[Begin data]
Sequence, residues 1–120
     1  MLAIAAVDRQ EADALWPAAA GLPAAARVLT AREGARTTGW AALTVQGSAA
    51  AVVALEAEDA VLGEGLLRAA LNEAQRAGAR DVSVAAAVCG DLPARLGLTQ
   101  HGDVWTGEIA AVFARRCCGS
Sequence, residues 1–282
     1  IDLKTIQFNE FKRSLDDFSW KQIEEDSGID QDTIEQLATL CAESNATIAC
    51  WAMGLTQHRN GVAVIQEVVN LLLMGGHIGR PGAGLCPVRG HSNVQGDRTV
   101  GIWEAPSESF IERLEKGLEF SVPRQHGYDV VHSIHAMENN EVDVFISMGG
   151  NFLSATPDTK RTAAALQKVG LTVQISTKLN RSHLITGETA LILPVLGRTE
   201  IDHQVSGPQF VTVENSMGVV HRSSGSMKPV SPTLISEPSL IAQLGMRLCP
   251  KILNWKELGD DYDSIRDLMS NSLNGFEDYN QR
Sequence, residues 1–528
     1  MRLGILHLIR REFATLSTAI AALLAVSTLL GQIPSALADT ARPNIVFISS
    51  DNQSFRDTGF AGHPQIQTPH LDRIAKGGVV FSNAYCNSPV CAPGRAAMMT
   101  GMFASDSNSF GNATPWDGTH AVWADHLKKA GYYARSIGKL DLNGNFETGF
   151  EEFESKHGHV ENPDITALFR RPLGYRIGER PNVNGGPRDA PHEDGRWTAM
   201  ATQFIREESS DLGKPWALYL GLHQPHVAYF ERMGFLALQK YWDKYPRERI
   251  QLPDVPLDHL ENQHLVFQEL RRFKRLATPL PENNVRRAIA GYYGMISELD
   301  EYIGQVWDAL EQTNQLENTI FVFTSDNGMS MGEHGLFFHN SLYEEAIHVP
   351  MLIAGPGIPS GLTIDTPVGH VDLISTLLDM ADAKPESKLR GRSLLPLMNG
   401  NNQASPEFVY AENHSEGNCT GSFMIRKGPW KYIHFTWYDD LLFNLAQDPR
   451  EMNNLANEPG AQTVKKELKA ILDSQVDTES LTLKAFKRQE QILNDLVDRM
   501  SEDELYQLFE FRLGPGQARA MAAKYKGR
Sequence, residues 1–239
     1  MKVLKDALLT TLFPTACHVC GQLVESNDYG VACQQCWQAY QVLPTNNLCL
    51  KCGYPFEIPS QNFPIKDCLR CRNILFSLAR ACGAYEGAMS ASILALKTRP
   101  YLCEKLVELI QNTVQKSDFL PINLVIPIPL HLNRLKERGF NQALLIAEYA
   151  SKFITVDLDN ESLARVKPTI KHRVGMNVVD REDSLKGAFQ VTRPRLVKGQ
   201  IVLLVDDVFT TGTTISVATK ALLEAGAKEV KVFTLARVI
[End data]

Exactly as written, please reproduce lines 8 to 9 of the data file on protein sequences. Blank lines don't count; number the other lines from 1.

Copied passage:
   101  GIWEAPSESF IERLEKGLEF SVPRQHGYDV VHSIHAMENN EVDVFISMGG
   151  NFLSATPDTK RTAAALQKVG LTVQISTKLN RSHLITGETA LILPVLGRTE